Snorkeling in Belize
Snorkeling Belize will bring visitors face to face with the second largest barrier reef in the world. A 300-kilometer stretch of coral, the Belize Barrier Reef is a UNESCO World Heritage Site, and boasts seven protected areas that also include mangroves, cays, and atolls. Belize snorkeling thrives on this diversity of environments, and offers abundant fish and mammal marine life in a variety of habitats. The Belize Barrier Reef is not the only wonder of this small Central American country; its rainforest teems with tropical animals and plants, and incredible temple ruins conjure up the days when ancient Mayans built their empire.
Marine Life in Belize
Within Belize's fringing reefs, pinnacles, off-shore atolls, and breathtaking underwater karst formations, snorkel sites may host reef sharks, nurse sharks, turtles, stingrays and eagle rays, schools of jacks and snapper, and a whole host of decorated reef fish and intriguing invertebrates. Some snorkel spots, in season, also host whale sharks! Dolphins are often sighted on traverses between Belizeís best snorkel sites. What's more, a few rare, at-risk species enjoy protection in the reef system, like manatees, American crocodiles, and Hawksbill and Green Sea Turtles.
Best Snorkel Sites in Belize
In the north, the Belize Barrier Reef begins with Ambergris, often cited as the premier area for a snorkel tour in Belize. It is relatively near the shore, and enjoys good visibility due to the absence of rivers. Farther to sea, the outer atolls each offer a unique snorkeling experience, with Glover's Reef (an atoll in the south) particularly nice in its shallow, coral-covered interior. The southern barrier reefís visibility can be impacted by river runoff during the rainy season, but it is also less frequented by tourists. In addition, a site called Gladden Spit, off the coast of the southern town Placencia, hosts awe-inspiring whale shark gatherings from March through June.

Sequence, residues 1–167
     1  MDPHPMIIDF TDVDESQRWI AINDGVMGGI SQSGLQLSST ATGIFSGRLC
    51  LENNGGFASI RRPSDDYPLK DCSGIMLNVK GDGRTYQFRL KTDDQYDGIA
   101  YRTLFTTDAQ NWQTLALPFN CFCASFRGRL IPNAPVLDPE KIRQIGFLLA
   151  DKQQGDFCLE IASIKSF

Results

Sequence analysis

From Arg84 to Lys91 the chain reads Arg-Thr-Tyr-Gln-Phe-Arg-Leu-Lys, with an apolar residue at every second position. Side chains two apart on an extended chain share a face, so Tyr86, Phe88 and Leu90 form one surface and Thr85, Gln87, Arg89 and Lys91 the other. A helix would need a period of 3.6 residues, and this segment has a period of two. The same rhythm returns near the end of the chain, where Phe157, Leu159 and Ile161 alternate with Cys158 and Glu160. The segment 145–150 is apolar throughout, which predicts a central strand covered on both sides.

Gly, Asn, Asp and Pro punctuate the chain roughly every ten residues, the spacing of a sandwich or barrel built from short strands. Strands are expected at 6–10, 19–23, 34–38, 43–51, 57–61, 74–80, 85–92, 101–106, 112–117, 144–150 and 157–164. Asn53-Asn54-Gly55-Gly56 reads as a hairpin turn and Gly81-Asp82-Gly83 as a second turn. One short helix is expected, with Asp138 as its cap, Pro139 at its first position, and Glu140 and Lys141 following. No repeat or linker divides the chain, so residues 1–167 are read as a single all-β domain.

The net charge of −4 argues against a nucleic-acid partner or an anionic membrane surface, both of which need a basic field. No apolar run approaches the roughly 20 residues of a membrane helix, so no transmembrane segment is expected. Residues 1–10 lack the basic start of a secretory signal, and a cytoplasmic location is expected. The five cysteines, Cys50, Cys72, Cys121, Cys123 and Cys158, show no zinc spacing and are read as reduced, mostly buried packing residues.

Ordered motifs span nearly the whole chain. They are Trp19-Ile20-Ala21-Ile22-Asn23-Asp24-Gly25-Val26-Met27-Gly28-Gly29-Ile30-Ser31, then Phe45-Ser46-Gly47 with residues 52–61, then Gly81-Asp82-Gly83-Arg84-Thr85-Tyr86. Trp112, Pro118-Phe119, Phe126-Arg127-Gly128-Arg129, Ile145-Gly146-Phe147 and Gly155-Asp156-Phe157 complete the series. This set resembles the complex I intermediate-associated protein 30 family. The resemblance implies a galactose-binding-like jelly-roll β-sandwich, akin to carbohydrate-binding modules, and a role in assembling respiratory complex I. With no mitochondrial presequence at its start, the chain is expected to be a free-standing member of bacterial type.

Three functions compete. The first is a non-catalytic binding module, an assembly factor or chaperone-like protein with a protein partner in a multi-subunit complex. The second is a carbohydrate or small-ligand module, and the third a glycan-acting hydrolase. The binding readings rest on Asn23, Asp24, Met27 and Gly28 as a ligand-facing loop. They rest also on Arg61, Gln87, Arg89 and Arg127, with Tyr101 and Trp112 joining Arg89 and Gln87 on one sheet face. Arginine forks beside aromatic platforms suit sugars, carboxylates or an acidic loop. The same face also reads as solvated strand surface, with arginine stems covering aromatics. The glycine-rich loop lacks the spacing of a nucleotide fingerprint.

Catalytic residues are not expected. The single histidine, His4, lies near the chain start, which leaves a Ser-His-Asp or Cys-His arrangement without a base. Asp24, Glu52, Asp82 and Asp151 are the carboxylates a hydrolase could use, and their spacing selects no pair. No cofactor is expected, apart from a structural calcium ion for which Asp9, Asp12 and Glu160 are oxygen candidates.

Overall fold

Some say a snorkel trip to Belize is not complete without visiting the Great Blue Hole. This iconic site is a round crater more than 120 meters deep, and is primarily a dive site. However, healthy hard and soft corals grow around the rim with some colorful reef fish, and big sharks, groupers, and barracuda can sometimes be seen below. This site lies 50 miles out to sea from the Belizean coastline, so make sure youíre comfortable with long crossings before you book a tour.
Turneffe Reef Atoll is the largest atoll in the western hemisphere, and the closest to the Belizean coastline. It proudly hosts the holy triumvirate of tropical marine ecosystems: mangroves, seagrass, and coral reef. These three habitats support each other and bolster the area's stock of marine species, and all three can be explored through snorkeling tours around Turneffe's several hundred mangrove islands. The reef offers hard and soft corals, diverse fish species, rays, lobsters, and turtles, but if you can tear yourself away, make sure to check out the juvenile sharks and snappers in the mangroves, and the rare manatee in the seagrass.